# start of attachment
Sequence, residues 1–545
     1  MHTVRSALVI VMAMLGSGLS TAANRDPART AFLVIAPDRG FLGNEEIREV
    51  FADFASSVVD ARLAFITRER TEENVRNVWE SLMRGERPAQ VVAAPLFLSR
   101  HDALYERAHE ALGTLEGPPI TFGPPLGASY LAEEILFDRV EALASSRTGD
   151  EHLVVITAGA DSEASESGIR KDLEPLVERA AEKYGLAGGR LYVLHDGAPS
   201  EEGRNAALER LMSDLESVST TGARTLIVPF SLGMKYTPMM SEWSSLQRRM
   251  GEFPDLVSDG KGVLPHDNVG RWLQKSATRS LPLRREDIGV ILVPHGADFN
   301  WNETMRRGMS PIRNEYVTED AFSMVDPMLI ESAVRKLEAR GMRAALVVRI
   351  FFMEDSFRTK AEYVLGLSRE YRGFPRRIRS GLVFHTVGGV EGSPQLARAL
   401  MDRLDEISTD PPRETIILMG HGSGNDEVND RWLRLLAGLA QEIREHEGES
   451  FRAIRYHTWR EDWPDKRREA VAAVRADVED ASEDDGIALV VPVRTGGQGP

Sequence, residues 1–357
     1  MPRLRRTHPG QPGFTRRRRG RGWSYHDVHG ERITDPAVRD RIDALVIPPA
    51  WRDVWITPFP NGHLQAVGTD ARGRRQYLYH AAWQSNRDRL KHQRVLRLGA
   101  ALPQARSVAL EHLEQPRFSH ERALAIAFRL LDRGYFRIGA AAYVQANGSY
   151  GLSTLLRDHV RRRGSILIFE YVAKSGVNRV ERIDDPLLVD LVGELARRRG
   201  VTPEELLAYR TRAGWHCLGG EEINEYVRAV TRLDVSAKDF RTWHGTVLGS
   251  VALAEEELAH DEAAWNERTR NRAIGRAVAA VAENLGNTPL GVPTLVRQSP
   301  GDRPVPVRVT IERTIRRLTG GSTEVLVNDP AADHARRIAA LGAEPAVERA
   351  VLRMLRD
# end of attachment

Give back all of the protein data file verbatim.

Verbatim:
Sequence, residues 1–545
     1  MHTVRSALVI VMAMLGSGLS TAANRDPART AFLVIAPDRG FLGNEEIREV
    51  FADFASSVVD ARLAFITRER TEENVRNVWE SLMRGERPAQ VVAAPLFLSR
   101  HDALYERAHE ALGTLEGPPI TFGPPLGASY LAEEILFDRV EALASSRTGD
   151  EHLVVITAGA DSEASESGIR KDLEPLVERA AEKYGLAGGR LYVLHDGAPS
   201  EEGRNAALER LMSDLESVST TGARTLIVPF SLGMKYTPMM SEWSSLQRRM
   251  GEFPDLVSDG KGVLPHDNVG RWLQKSATRS LPLRREDIGV ILVPHGADFN
   301  WNETMRRGMS PIRNEYVTED AFSMVDPMLI ESAVRKLEAR GMRAALVVRI
   351  FFMEDSFRTK AEYVLGLSRE YRGFPRRIRS GLVFHTVGGV EGSPQLARAL
   401  MDRLDEISTD PPRETIILMG HGSGNDEVND RWLRLLAGLA QEIREHEGES
   451  FRAIRYHTWR EDWPDKRREA VAAVRADVED ASEDDGIALV VPVRTGGQGP

Sequence, residues 1–357
     1  MPRLRRTHPG QPGFTRRRRG RGWSYHDVHG ERITDPAVRD RIDALVIPPA
    51  WRDVWITPFP NGHLQAVGTD ARGRRQYLYH AAWQSNRDRL KHQRVLRLGA
   101  ALPQARSVAL EHLEQPRFSH ERALAIAFRL LDRGYFRIGA AAYVQANGSY
   151  GLSTLLRDHV RRRGSILIFE YVAKSGVNRV ERIDDPLLVD LVGELARRRG
   201  VTPEELLAYR TRAGWHCLGG EEINEYVRAV TRLDVSAKDF RTWHGTVLGS
   251  VALAEEELAH DEAAWNERTR NRAIGRAVAA VAENLGNTPL GVPTLVRQSP
   301  GDRPVPVRVT IERTIRRLTG GSTEVLVNDP AADHARRIAA LGAEPAVERA
   351  VLRMLRD